As we all know, comics is a medium of infinite possibilities. And as a long-overdue openness about mental health has become increasingly prevalent, it’s no surprise that creators have used the form to explore their experiences. In Constantly, Canadian artist GG brings craft and insight to an intimate vignette of depression and anxiety.
GG maintains a low profile that seems in step with the understated craft of her beautifully precise comics. I first came across her work in the form of ‘Don’t Leave Me Alone’ – a nightmarish and unsettling 20-page episode that was selected by Roz Chast for the 2016 edition of The Best American Comics.
If the presentation of that comic – originally produced for the Comics Workshop Composition Competition – put the reader in mind of a subtitled film, then Constantly evokes nothing as much as a tightly choreographed solo dance performance.
Across its 48 pages we share the experience of a young woman beseiged in her apartment by anxiety and/or agoraphobia. Her unease takes the visual form of shadowy hands that assail her with their unwelcome attention. From the restless sleep that opens the book to her yoga routine and efforts to make a smoothie, she is buffeted by their malevolence. Only while tending one of her houseplants does she achieve a moment of serenity.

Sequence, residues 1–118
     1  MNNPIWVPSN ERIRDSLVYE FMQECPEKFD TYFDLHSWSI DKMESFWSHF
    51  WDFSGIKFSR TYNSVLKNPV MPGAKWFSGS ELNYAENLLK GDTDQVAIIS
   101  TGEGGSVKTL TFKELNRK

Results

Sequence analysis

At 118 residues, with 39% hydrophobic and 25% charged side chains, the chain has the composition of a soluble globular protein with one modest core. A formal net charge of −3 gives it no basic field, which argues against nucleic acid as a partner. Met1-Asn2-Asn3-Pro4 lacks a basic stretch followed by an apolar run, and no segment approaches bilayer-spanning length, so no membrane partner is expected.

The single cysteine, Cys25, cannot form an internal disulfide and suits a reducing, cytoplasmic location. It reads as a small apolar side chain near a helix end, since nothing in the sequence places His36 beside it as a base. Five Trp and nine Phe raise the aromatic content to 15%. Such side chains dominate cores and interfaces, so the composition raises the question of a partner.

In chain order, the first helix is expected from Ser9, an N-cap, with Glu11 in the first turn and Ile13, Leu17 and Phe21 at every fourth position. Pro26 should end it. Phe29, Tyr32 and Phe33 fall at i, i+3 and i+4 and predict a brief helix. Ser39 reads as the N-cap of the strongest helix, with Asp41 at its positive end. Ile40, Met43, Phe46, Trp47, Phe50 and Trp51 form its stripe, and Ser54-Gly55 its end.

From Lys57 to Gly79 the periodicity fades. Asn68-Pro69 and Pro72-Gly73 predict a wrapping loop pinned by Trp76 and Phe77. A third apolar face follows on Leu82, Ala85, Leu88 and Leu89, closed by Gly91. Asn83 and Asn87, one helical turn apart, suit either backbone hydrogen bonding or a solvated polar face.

The defining characteristic of GG’s art is a sense of control. The depiction of the protagonist’s body language suggests the precision of modern dance, while the use of space almost turns the apartment into a stage set. There’s a clear sense of purpose behind every choice the artist makes, from the rhythm of the pages to the carefully selected palette. And that clarity puts the reader right there – almost voyeuristically – with the protagonist.
The only text that appears throughout the book is a changing list of the young woman’s wishes. However, reflecting the enervating negation of depression, the lists tend to focus more on what she doesn’t want: to eat, to sleep, to live, to die. She doesn’t want to leave a trace, but she doesn’t want to be forgotten.
Time is also a factor: but the recurring image of the clock doesn’t really give us a sense of it as something that anchors us in the world. Instead, it seems more of an abstraction or an irrelevance. Time can fly when we’re having fun, apparently. But when we’re not?
As an almost entirely visual piece of work (which uses mostly full-page images), Constantly makes for quite a rapid read. However, GG’s command of her style and material gives the work a gentle power beyond any amount of verbalisation or chunks of text. In the world of anxietysplaining – as in most things – less is often more.
Find out more about GG’s work on her website here.
GG (W/A) • Koyama Press, $10.00
Review by Tom Murphy